Pest control at a storage facility is a tedious task at best and a never-ending battle at worst. Either way, you have to think about it. You might already have a well established plan for how to prevent insects and rodents from entering storage units at your facility, but what about the units that come and go from your facility?
We’re talking about mobile storage units. If you haven’t factored them into your pest control plan, here’s how to do it.
Mobile storage units and traditional storage units both offer advantages and disadvantages in terms of pest control.
One of the advantages that a mobile storage unit has over a traditional storage unit is the fact that it is rarely left unattended for long periods of time. A tenant might rent a drive-up storage unit and leave it unattended for years. During this time, the risk of pest infestation increases. A mobile storage user, on the other hand, will usually rent a storage unit for a much shorter period of time and will likely be entering it more often. This allows the tenant to catch early signs of a pest infestation before it spreads.
The disadvantage of a mobile storage unit is that you as a self storage operator can’t always control where it’s stored or how many different contaminants it may come into contact with during transit.
Just as you would with traditional self storage pest control, it’s up to you to recognize the critters that affect your storage units.
Let’s start with bed bugs. These can be transported in mobile storage via soft items like mattresses. Bed bugs can survive in extreme temperatures, so even if a mobile storage is kept outside in a driveway during a hot summer or a cold winter, bed bugs may still thrive. Another type of bug that can plague mobile self storage units is the cockroach. Cockroaches are troublesome because they can transmit bacterial pathogens that make people sick. Self storage operators and tenants should also look out for ants in mobile storage units. These clever bugs alert others when they find a food source, making it easy for more ants to join the party. Look out for mice as well. These furry creatures are happy to travel with a mobile storage unit and can be identified by their distinct black droppings.
You should also take the time to understand unique pests that may affect mobile storage units in your area and the area that the storage unit is traveling to or from. For example, desert mobile storage users may be transporting scorpions. These solitary creatures can live for up to 15 years and are attracted to warmth and moisture, so tenants should be sure to only keep clean, dry items in their mobile storage units and refrain from moving belongings in or out during rain.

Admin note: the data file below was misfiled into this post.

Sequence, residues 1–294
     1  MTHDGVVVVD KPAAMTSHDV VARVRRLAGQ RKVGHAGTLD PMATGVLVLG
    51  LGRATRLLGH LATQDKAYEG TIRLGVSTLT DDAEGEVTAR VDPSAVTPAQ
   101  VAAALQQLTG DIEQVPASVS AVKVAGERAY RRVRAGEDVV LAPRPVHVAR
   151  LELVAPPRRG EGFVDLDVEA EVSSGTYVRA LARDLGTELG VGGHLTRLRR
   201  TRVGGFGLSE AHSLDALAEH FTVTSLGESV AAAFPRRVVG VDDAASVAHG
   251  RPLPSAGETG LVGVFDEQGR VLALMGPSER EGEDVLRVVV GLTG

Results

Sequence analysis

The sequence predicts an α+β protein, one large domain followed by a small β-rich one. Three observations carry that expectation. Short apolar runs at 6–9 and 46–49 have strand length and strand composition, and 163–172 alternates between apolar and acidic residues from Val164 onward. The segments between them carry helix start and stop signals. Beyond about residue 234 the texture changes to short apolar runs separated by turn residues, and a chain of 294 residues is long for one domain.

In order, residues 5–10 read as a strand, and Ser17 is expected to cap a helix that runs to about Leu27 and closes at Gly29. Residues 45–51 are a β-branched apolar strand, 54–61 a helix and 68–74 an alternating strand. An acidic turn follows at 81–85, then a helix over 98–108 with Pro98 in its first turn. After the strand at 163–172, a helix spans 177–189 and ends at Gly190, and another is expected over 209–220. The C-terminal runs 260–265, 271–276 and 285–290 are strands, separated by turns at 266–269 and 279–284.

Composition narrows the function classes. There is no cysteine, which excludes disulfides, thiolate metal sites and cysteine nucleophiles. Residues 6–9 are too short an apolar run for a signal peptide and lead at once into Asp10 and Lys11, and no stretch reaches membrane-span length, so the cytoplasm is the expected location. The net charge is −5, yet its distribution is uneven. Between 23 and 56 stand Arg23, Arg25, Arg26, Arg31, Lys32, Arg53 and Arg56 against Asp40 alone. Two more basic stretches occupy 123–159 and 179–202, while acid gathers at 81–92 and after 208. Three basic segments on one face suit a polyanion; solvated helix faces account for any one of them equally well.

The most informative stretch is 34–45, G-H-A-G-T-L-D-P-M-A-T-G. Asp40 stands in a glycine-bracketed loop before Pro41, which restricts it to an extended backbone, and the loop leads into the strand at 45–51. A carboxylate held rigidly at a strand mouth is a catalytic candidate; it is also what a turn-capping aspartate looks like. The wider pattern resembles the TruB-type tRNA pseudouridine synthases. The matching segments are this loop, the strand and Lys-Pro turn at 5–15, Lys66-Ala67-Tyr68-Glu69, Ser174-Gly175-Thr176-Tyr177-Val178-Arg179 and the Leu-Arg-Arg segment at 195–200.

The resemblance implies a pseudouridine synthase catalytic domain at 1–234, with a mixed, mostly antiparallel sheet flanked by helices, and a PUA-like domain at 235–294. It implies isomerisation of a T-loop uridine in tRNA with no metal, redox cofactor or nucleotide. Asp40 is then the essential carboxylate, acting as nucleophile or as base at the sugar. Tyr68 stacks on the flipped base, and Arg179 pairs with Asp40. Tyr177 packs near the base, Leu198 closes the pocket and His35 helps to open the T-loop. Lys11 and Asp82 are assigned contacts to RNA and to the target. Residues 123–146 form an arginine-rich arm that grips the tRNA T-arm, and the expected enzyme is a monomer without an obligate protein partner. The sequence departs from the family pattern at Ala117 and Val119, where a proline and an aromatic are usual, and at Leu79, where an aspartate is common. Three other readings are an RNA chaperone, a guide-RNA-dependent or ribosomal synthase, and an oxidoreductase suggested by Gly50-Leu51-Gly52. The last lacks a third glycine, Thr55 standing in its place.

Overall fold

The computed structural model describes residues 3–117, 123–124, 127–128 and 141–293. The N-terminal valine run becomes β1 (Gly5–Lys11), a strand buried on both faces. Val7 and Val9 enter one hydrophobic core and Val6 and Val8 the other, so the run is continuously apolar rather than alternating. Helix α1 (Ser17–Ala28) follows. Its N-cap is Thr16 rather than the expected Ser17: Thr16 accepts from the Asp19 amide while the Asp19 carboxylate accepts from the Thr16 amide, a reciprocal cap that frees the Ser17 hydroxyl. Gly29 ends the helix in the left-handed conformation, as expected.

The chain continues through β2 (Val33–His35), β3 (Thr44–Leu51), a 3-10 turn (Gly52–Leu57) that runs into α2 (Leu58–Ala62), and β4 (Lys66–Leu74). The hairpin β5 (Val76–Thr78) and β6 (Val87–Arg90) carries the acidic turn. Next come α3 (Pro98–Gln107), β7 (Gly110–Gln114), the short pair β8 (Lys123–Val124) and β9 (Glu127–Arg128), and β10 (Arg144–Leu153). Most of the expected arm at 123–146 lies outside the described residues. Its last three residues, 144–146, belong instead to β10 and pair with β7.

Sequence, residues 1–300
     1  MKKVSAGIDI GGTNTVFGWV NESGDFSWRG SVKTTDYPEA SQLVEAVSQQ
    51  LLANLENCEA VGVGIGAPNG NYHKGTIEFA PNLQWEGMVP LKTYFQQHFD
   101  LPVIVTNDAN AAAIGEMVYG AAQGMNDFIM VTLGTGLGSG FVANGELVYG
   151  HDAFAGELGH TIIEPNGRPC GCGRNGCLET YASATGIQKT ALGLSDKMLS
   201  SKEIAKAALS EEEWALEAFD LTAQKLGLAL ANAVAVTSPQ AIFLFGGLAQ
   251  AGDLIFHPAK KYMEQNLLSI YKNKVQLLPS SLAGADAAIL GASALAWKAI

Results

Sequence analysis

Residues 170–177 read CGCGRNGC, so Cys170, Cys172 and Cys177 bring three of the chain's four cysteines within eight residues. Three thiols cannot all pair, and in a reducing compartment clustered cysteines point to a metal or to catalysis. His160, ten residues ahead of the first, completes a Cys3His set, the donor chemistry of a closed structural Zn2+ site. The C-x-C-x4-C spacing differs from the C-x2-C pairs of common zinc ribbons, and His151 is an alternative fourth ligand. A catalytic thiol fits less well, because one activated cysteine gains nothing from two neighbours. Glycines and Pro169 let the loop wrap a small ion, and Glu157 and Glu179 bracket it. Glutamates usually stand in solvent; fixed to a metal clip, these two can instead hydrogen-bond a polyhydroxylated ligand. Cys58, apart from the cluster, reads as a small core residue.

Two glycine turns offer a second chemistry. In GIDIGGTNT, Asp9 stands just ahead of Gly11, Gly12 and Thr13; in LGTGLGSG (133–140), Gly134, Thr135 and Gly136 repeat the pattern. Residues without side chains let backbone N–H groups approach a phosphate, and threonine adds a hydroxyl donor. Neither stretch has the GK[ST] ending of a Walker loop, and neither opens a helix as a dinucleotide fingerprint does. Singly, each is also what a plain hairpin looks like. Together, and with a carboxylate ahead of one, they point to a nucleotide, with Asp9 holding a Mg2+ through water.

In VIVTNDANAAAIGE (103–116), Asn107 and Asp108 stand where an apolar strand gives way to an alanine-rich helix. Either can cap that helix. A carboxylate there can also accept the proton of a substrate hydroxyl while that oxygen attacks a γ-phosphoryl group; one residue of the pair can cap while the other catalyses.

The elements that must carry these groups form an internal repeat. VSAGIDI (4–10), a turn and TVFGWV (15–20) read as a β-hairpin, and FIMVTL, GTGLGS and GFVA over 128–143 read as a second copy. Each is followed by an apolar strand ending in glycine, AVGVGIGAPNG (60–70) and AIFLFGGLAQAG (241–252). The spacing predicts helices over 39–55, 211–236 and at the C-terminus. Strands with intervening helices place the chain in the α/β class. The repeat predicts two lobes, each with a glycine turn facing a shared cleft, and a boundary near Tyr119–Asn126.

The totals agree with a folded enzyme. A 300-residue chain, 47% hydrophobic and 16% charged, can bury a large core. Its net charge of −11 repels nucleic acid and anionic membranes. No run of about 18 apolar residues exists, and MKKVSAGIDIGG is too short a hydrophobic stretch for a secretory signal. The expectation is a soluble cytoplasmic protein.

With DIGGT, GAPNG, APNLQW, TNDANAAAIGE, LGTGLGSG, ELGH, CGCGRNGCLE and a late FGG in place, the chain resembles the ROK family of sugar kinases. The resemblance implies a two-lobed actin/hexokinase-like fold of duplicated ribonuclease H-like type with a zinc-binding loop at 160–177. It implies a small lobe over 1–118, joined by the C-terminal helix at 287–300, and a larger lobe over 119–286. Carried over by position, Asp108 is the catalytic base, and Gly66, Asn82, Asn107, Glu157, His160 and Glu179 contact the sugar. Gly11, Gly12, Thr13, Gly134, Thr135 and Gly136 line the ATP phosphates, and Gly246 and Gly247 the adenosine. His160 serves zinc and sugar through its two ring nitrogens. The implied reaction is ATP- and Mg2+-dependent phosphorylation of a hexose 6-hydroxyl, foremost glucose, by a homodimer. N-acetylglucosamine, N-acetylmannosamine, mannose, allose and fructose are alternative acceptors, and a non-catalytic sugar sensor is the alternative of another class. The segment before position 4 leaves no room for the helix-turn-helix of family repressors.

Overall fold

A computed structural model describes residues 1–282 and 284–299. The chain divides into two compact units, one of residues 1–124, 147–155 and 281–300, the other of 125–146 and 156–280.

Before you rent someone a mobile storage unit, take the time to communicate the following:
What not to store. Mobile storage users should never store perishable items, live plants, trash or anything that’s dirty.
Where to store. A mobile storage unit should never be stored near a dumpster, bushes or a water source, such as a pond. These are the places where pests live, eat and breed.
How to store. Stress the importance of washing soft items like clothing or bedding. As an additional measure, tenants can shake these items before storing them. Discourage tenants from storing items in used cardboard boxes that may contain food particles. This is a great opportunity for you to net additional revenue by mentioning your on-site retail store if your storage facility has one.
Before and after a mobile storage unit is rented, it’s up to you to inspect it for evidence of pests. You should also, however, evaluate the risk. Mobile storage units should have a tight seal that prevents pests from entering. Think of the flat shape of a cockroach or the pliable body of a mouse. These pests are skilled at squeezing in and out of the smallest spaces. A mobile storage unit should be airtight.
If you’re not already using a professional pest control company to protect your mobile storage units, it’s time to start. Always choose a professional instead of doing it yourself. Professionals can better understand the intricacies of mobile self storage. They also know how to identify the early signs of a pest infestation, while the average person only recognizes a pest problem that is already spreading rapidly.
Choose a pest control service that is recognized by a local or state organization and speak with self storage colleagues regarding options in your area.
With these tips, you’re ready to handle any kind of pests—even the ones that are as on-the-go as your mobile storage units. Remember, if you’re doing your part to prevent pests at your storage facility and in mobile storage units, you’ve done your part. Equip your tenants with the knowledge they need and they’ll do their part too.